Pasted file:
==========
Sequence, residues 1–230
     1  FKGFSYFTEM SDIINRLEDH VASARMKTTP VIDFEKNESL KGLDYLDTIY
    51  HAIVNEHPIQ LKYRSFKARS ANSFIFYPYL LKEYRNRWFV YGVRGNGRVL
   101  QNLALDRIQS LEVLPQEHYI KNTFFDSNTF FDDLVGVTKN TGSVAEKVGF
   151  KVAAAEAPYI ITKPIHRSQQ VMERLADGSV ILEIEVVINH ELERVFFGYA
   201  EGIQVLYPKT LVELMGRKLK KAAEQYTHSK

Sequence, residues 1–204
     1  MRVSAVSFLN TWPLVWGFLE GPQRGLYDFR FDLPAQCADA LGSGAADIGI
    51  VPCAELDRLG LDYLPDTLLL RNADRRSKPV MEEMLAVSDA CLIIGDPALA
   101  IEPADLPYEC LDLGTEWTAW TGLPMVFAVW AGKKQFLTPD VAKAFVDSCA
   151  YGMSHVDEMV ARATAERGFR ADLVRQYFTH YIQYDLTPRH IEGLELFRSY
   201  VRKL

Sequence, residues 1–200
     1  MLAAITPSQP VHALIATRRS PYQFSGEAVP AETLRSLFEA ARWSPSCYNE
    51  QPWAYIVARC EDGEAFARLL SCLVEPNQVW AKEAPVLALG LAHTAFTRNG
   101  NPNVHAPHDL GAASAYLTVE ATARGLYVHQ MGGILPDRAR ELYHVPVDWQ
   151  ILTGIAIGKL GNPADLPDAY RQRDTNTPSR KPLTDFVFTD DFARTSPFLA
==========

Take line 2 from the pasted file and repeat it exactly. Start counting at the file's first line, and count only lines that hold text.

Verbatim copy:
     1  FKGFSYFTEM SDIINRLEDH VASARMKTTP VIDFEKNESL KGLDYLDTIY